Social media companies continued to defend themselves against charges that their products spread dangerous misinformation, manipulate Americans into spending unhealthy amounts of time online and are biased against conservative viewpoints during a hearing before a Senate Judiciary subcommittee Tuesday.

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faced tough questions and criticism from senators of both parties, and argued that their companies have invested heavily in recent months and years to cut down on content that fosters extremism and in features that promote “healthy” and “meaningful” engagement with others online.

“In the guise of giving consumers what they want, a lot of our social media platforms use surveillance to identify a person’s hot buttons, then they use algorithms to show that person stuff that pushes that person’s hot buttons,” said Sen. John Kennedy, a Louisiana Republican. “You can still find kindness in America, but you have to go offline to do it.”

Read more: Big tech should fear an FTC push against monopoly power, experts say

Kennedy and a fellow Republican, Josh Hawley of Missouri, used the hearing to promote legislation that would strip Section 230 immunity from social media companies that use algorithms that decide what content a user sees based on what content would increase engagement on their platform. Section 230 is a portion of the Communications Decency Act of 1996, which protects online platforms from being sued for content that is posted by third-party users.

Tristan Harris, president of the Center for Humane Technology and a high-profile critic of social media companies’ business models, declined to endorse this strategy, arguing that if social media companies were forced to engage in no editorial oversight of their platforms, content like pornography and extreme speech would likely become even more prominent.

“If the companies took their hands off the steering wheel, they’re still manipulating people’s emotions, in fact the more they take their hand of the steering wheel, the more it raises values-blind engagement,” Harris said. “That means literally the most outrageous stuff, the most child trafficking stuff, the most sexually pornographic stuff would rise to the top, and that would also be a form of manipulation.”

See also: Zuckerberg and Dorsey get a congressional tongue lashing, but does D.C. have more punishment in store?

Sen. Chuck Grassley, Republican of Iowa, asked representatives of each of the companies to address criticism that its platforms were discriminating against conservative viewpoints under the guise of regulating “misinformation.”

“We welcome diverse perspectives,” said Lauren Culbertson, head of U.S. public policy at Twitter and erstwhile press secretary for former Republican Sen. Johnny Isakson of Georgia. “Twitter wouldn’t be Twitter if everyone had the same viewpoints.”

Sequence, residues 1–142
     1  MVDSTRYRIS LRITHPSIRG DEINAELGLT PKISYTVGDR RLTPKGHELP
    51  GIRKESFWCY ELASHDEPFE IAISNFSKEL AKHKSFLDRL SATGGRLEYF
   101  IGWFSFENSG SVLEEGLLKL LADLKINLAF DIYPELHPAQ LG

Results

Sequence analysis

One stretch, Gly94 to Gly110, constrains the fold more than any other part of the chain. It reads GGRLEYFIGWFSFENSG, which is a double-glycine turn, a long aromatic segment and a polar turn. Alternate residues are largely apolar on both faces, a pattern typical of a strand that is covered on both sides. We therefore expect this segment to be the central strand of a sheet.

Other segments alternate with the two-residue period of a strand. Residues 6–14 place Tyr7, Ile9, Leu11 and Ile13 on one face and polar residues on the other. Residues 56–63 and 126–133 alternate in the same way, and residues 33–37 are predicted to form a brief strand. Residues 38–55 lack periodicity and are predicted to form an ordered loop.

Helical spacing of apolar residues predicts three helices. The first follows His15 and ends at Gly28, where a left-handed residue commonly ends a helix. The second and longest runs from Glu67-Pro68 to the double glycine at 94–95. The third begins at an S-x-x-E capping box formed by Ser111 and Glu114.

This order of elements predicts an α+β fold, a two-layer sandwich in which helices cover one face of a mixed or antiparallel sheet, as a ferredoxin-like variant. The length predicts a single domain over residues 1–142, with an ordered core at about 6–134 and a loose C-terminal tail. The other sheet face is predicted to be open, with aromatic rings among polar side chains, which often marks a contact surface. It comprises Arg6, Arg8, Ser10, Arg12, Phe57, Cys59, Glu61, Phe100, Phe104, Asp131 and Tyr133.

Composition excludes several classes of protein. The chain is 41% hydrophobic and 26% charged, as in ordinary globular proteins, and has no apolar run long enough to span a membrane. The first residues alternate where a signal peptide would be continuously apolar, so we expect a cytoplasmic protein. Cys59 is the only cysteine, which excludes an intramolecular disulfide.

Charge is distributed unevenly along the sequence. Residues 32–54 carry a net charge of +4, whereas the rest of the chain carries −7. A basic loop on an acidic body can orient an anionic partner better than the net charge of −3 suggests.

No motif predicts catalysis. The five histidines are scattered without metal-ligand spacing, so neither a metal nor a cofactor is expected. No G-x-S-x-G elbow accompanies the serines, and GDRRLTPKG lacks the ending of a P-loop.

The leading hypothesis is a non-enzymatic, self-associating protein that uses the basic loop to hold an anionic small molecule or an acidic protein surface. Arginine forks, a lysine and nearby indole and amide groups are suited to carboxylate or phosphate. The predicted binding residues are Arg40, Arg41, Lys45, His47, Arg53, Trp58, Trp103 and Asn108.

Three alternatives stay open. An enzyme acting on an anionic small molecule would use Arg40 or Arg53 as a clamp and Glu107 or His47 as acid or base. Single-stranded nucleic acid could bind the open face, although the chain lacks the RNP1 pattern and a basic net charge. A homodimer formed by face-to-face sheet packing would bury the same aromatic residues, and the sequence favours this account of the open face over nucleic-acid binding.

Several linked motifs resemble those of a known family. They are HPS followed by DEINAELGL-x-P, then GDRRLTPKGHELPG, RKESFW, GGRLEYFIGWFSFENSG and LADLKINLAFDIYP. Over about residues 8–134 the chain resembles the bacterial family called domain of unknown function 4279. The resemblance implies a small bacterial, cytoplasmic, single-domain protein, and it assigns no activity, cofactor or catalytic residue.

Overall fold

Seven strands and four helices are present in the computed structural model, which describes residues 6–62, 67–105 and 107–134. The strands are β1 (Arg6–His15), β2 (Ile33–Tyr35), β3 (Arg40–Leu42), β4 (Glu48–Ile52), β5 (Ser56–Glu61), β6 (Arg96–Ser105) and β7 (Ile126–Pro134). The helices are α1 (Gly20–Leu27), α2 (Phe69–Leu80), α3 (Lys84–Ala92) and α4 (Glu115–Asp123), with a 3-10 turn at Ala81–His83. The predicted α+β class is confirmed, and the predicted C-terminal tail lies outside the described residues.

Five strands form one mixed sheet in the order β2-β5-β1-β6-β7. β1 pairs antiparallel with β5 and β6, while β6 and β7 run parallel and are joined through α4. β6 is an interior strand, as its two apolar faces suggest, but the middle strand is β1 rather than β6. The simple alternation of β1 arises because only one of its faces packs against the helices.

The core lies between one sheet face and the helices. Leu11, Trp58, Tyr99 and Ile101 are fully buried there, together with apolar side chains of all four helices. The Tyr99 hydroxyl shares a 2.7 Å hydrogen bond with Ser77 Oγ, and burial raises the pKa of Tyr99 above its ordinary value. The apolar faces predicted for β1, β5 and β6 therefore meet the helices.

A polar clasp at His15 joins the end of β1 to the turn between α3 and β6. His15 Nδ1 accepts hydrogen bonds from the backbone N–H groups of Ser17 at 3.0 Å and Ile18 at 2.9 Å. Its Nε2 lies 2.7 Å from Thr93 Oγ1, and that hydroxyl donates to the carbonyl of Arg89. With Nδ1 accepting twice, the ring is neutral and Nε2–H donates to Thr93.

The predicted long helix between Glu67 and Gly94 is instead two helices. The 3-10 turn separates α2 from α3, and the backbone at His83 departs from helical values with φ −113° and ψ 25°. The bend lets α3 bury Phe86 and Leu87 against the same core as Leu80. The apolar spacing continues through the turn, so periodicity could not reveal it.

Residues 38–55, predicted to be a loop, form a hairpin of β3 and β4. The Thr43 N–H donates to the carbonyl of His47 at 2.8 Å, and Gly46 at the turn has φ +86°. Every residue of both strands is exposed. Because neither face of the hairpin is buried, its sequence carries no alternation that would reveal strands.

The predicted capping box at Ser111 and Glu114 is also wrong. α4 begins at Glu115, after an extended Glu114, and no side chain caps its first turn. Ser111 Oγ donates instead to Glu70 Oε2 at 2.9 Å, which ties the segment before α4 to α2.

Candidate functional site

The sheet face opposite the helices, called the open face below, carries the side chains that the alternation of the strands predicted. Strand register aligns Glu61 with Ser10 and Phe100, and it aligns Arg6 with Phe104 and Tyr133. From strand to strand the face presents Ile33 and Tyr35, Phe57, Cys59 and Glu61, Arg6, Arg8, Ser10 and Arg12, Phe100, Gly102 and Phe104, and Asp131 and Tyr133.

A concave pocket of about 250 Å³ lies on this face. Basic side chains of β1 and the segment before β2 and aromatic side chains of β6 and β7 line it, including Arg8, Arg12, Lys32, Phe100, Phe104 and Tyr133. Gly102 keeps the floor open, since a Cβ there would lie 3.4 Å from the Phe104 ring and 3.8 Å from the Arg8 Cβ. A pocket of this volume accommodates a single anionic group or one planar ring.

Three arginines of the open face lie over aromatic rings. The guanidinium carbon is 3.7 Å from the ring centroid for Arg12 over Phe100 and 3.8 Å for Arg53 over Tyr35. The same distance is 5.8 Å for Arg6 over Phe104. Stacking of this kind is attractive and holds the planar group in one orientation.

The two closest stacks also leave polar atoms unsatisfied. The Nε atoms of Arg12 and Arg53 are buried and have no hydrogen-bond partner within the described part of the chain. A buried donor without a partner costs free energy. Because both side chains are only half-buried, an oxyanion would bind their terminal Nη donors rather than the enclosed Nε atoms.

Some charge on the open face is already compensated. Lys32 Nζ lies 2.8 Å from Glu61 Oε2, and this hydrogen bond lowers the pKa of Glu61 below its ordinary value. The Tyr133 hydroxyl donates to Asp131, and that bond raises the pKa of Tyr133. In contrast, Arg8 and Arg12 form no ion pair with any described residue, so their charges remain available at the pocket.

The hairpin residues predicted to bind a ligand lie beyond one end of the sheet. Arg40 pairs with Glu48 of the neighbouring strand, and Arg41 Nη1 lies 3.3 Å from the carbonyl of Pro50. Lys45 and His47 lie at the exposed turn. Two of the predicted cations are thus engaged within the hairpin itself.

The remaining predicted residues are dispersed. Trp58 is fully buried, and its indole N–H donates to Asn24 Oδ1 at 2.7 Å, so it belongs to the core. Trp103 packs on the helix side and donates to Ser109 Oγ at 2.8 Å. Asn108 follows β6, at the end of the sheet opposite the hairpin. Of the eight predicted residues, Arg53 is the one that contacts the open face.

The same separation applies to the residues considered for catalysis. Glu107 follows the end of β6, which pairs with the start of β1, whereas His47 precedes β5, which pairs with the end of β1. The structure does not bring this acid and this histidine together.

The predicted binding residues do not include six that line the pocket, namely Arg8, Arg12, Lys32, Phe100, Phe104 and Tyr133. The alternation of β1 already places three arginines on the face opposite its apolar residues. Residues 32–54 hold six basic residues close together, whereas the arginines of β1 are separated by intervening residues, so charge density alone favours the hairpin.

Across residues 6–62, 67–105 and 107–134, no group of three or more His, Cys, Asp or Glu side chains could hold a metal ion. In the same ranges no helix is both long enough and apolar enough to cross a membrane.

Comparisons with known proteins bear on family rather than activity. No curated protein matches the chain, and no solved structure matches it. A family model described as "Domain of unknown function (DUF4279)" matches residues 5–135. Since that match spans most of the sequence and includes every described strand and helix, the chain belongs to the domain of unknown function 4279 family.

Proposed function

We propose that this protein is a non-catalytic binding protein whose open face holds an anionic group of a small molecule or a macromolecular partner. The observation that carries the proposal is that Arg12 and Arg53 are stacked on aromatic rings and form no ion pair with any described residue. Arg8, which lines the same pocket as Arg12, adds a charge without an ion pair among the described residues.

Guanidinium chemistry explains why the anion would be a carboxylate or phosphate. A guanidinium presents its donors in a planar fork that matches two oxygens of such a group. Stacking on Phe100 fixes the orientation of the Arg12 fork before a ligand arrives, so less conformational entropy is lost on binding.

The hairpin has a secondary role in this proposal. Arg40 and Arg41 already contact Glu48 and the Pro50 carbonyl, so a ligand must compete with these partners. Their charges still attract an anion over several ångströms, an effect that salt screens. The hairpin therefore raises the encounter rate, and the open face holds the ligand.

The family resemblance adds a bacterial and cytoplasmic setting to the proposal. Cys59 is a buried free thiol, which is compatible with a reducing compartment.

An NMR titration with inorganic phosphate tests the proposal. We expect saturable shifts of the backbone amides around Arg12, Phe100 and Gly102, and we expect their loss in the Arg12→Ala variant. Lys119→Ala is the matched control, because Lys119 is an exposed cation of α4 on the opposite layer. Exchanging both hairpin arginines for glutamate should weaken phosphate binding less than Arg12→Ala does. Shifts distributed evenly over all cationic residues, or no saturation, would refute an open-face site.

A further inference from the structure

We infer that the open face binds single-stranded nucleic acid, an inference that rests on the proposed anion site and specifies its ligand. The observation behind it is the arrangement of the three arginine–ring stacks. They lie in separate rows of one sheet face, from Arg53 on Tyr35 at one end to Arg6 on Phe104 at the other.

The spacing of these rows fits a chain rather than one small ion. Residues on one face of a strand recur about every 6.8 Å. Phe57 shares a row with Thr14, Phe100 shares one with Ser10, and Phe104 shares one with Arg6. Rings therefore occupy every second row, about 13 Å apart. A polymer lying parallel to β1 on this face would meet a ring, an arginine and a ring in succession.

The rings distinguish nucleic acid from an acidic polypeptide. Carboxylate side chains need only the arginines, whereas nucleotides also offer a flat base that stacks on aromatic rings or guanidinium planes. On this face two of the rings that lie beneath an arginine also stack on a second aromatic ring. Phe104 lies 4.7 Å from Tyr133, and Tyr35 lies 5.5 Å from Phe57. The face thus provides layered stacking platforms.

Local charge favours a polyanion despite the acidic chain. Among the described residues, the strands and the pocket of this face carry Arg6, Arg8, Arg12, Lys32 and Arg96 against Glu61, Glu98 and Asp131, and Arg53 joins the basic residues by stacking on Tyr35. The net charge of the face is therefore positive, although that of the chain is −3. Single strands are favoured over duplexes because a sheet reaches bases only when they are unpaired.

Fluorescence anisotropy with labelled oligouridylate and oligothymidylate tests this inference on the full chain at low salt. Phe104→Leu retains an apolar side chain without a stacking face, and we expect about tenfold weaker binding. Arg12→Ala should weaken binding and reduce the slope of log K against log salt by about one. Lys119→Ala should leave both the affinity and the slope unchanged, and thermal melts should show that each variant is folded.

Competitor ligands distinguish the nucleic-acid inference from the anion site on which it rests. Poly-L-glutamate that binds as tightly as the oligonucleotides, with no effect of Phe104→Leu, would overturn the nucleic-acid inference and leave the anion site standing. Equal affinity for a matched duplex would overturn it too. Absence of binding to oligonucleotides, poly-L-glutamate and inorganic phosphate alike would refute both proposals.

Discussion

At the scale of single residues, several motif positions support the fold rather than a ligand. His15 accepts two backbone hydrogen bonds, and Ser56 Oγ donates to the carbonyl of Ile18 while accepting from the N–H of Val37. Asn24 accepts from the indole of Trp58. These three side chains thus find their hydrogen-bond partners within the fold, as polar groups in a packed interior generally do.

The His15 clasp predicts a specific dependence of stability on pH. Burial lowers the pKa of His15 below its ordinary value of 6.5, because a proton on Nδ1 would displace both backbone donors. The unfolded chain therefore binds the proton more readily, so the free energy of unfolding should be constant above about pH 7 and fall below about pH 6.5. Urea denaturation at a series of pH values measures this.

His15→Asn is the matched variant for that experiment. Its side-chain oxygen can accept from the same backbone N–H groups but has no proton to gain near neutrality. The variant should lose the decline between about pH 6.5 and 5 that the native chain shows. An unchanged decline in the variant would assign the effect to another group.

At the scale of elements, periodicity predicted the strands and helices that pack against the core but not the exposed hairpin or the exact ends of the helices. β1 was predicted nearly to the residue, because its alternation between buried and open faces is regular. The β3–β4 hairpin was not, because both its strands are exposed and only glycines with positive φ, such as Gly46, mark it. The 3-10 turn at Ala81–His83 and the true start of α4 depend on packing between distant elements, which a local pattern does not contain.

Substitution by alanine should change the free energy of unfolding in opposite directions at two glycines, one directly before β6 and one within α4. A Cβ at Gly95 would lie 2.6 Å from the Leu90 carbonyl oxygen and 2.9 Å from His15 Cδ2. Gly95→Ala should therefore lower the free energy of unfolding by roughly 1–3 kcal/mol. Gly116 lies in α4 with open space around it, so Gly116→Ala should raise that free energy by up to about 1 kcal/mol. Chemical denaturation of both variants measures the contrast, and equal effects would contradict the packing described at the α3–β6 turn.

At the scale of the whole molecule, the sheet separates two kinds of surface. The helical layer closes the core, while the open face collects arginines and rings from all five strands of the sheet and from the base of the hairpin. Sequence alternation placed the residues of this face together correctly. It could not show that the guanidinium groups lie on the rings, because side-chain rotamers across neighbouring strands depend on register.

Culbertson and representatives from YouTube and Facebook talked about efforts to enhance “due process,” whereby users have the ability to complain that their content was unfairly removed. Alexandra Veitch, director of government affairs and public policy at YouTube, said that during the last quarter of 2020, “we did have 223,000 appeals and 83,000 reinstatements, showing we don’t always get this right, but we certainly want to apply our policies evenly.”

Democrats were focused more on concerns of the vast market power of some social media platforms. Sen. Amy Klobuchar of Minnesota, for instance, asked Harris to describe how market power exacerbated the control these platforms have over the public discourse.

“Once you have a dominant platform, it’s very hard for there to be alternative,” he said. “Market concentration means that even if there are alternatives trying to solve any of the problems we’re talking about differently, you’re going to get bought up by the existing platforms. And if you’re a venture capitalist the only way you’re going to fund an existing company is by knowing there’s an exit pathway.”

Klobuchar introduced legislation in February that would vastly increase the budgets of the Federal Trade Commission and the Department of Justice’s antitrust division, while expanding their powers to block mergers or force existing monopolies to unwind.

Meanwhile, in the House of Representatives, a bipartisan push to reform the U.S. antitrust regime has been gaining steam, with Republicans particularly willing to focus on issues that would impact big tech companies. Both Facebook and Google are already facing lawsuits brought by federal and state enforcers that accuse them of engaging in illegal, anti-competitive practices. In the case of Facebook, the FTC and state attorneys general are asking courts to force the company to divest of the popular Instagram and Whatsapp applications.

The Biden administration appears eager to follow these suits with stricter action against tech giants, after the president nominated for a spot on the FTC Columbia Law School professor Lina Khan, who came to prominence in in 2017 when she penned a Yale Law Journal article called “Amazon’s Antitrust Paradox” about how existing antitrust law is ill-equipped to rein in the power of big tech.



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